New Classes. New Cities. Discounts and More!

One Day University at Tanglewood

August 27, 2017 9:30 AM – 1:00 PM

Includes all three lectures, a complimentary lawn admission for the 2:30pm BSO season finale in the Shed, and VIP parking. Advance purchase is required.


9:30 AM - 10:30 AM
Understanding America Through Three Remarkable Photographs

Louis Masur / Rutgers University

Pictures, it is said, are worth a thousand words. But photographs do not speak for themselves. Images tell a story and only a close examination of how a photograph was taken and circulated can allow us to understand why certain pictures become iconic and how they shape America.

In this class, we will look closely at three remarkable and influential photographs and what they tell us about America at pivotal moments in the nation’s history: Dorothea Lange’s "Migrant Mother", Joe Rosenthal’s  "Raising of the Flag on Mt. Suribachi", and Stanley Forman’s "The Soiling of Old Glory" (these last two won the Pulitzer Prize). In doing so, we will look at many other images and come to a deeper understanding of the era in which these photographs were taken and how they continue to shape our vision of the nation.

Louis Masur / Rutgers University
Louis Masur is a Distinguished Professor of American Studies and History at Rutgers University. He received outstanding teaching awards from Rutgers, Trinity College, and the City College of New York, and won the Clive Prize for Excellence in Teaching from Harvard University. He is the author of many books including "Lincoln's Last Speech," which was inspired by a talk he presented at One Day University. His essays and articles have appeared in the New York Times, Boston Globe, Dallas Morning News, and Chicago Tribune. He is an elected member of the American Antiquarian Society and serves on the Historians' Council of the Gettysburg Foundation.

10:45 AM - 11:45 AM
The Supreme Court: What's Next? An Insider's View

Jeffrey Rosen / National Constitution Center / George Washington University

Few at the Founding could have ever imagined the Supreme Court becoming one of the most powerful policymaking institutions in the United States. Yet today, the Court has the power to sidestep public opinion, upend federal legislation, constrain state governance and even bring down the President. Professor Rosen will chart how the Court amassed its power from its initial rather humble beginnings, and highlight its past and most recent skirmishes with legislative and executive power.

As we walk through the Court's history, meandering through landmark decisions, Professor Rosen will use his research on law and social policy to highlight the importance of understanding the Court not only as a legal actor but also as a significant source of policy innovation and paralysis. Through this lens, he will demonstrate why the Court's makeup--its personalities and its relationships--can make or break American public policy.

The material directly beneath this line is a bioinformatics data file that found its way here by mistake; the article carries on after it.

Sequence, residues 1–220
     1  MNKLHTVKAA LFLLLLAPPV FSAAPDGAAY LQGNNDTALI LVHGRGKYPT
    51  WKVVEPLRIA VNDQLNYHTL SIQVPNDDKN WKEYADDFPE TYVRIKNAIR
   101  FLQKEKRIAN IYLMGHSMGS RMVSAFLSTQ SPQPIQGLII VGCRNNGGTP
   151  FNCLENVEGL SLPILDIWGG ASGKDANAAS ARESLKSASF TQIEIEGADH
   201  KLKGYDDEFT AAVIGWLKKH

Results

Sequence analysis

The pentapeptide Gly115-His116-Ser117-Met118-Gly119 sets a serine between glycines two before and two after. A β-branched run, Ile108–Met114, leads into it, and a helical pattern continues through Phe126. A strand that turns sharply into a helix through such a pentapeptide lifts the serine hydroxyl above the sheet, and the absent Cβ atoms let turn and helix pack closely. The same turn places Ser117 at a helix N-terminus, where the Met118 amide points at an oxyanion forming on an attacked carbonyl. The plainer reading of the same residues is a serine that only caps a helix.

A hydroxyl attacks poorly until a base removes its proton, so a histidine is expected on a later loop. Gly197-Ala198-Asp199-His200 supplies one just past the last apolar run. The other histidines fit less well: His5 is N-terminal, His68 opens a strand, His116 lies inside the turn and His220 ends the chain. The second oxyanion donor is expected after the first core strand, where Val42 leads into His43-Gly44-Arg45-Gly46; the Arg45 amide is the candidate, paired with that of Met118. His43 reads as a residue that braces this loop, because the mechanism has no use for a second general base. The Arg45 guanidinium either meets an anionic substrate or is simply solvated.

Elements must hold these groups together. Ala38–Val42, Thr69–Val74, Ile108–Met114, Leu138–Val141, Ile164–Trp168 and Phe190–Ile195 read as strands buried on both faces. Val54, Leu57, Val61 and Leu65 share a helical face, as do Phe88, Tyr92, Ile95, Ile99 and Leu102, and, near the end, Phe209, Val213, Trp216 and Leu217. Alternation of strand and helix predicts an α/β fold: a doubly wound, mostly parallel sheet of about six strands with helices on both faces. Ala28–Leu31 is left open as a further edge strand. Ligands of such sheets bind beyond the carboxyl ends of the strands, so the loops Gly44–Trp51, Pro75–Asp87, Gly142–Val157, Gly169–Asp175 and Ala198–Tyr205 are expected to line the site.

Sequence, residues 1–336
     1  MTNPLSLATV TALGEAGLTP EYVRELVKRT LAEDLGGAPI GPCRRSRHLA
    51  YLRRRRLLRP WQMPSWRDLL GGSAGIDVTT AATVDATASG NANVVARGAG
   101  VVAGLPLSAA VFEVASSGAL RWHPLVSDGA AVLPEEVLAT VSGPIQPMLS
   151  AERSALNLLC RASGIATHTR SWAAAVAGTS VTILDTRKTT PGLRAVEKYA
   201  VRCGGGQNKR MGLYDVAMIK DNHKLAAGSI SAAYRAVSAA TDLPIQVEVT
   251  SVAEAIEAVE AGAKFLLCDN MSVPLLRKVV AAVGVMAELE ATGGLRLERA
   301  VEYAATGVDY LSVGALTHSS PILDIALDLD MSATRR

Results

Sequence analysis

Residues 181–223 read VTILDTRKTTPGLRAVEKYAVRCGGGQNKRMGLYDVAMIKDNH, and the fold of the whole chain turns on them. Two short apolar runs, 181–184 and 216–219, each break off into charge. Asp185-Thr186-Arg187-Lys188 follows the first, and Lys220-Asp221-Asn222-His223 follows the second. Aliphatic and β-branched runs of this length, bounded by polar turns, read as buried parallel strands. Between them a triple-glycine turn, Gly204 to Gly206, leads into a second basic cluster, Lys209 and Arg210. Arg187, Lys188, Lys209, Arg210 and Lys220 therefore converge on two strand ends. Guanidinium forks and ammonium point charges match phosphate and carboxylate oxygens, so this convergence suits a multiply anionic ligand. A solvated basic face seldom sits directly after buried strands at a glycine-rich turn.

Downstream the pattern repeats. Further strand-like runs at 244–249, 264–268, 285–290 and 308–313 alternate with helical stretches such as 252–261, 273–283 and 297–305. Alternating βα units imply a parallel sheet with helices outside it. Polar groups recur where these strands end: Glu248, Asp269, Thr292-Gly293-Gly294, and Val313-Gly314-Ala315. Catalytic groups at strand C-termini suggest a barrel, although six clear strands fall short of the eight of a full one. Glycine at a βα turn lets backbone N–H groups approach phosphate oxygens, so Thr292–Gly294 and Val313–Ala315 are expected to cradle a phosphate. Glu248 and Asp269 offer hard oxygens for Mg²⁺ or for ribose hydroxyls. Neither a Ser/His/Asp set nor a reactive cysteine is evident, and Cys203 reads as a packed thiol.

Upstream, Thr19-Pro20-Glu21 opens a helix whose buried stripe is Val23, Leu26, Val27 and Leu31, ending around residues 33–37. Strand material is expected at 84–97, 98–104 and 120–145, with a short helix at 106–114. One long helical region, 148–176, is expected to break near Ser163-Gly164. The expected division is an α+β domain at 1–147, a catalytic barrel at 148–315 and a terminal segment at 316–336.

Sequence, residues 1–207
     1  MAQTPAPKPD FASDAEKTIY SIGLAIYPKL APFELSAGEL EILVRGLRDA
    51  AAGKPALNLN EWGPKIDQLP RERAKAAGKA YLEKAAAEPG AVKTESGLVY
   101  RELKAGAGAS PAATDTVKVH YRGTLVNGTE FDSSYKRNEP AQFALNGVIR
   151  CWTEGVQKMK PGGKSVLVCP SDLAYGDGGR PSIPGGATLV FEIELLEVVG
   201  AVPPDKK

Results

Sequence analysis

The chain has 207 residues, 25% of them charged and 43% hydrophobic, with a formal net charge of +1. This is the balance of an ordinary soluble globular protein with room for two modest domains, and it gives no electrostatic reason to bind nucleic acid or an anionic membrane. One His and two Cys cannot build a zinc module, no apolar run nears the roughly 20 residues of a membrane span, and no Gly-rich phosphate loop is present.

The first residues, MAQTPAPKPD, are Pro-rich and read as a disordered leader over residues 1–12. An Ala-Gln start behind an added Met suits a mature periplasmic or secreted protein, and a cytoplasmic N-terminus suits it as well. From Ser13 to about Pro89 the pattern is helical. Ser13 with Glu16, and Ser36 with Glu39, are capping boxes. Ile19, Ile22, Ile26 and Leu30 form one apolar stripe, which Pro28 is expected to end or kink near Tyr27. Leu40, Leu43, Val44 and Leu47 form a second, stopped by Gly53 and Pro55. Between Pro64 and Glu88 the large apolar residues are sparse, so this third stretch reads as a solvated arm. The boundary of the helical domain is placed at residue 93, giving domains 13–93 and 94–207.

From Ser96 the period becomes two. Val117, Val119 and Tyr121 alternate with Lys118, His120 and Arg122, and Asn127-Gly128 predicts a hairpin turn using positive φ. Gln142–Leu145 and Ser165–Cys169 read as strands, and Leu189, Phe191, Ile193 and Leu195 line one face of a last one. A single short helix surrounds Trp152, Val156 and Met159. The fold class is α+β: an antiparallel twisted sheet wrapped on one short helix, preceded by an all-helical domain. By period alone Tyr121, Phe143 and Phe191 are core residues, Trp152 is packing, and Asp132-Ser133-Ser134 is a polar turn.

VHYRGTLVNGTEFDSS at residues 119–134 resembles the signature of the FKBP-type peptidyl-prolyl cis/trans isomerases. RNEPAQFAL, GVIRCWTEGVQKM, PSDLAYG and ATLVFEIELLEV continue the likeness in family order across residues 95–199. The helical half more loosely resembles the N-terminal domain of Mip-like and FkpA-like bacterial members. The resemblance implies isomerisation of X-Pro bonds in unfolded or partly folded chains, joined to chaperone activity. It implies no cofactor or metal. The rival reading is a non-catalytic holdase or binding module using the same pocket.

Professor Jeffrey Rosen will take us inside the Supreme Court, exposing little known facts that he has learned through his countless hours of research. Of course, he'll discuss the unprecedented situation created by the death of Justice Antonin Scalia the refusal of Republican senators to question Obama nominee Merrick Garland, and the recent nomination of Trump nominee Neil Gorsuch. By the end of the evening Professor Rosen will have demonstrated how it is far more than legal scholarship and judicial philosophy that has shaped the court - it is the interactions and personalities of the individual members that have created the institution that we know today.

Jeffrey Rosen / National Constitution Center / George Washington University
Jeffrey Rosen is a professor of law at George Washington University and the President of the National Constitution Center. The Chicago Tribune named him one of the 10 best magazine journalists in America and the L.A. Times called him, "the nation's most widely read and influential legal commentator." He has interviewed Chief Justice John Roberts, Justice John Paul Stevens, and Justice Stephen Breyer.

12:00 PM - 1:00 PM
Music and the Brain

Craig Wright / Yale University

Why do we listen to music? What does it do for us? Why do we each choose to listen to certain types of music-classical, rock, jazz, country, whatever-that we do? This presentation will introduce you to the reception, processing, and emotional response to music that we all experience in the brain, each in our own way. Is our response to music natural and universal (baked into the physics of music), or is it cultural, a reflection of where we grew up and the kind of music that we heard at home?

This lecture will ask us to consider that the music of different composers may be processed differently in the brain, country music one way, for example, Bach in another, and Beethoven in yet another.

Craig Wright / Yale University
Professor Craig Wright is the Henry L. and Lucy G. Moses Professor of Music at Yale. Professor Wright's courses include his perennially popular introductory course "Listening to Music," his selective seminar "Exploring the Nature of Genius" and other specialized courses ranging from ancient Greek music theory to the music of the Middle Ages, the Renaissance, Bach and Mozart. He was awarded the International Musicological Society's Edward J. Dent Medal and the American Musicological Society's Alfred Einstein Prize and Otto Kinkeldey Award - making him one of the few individuals to hold all three honors.

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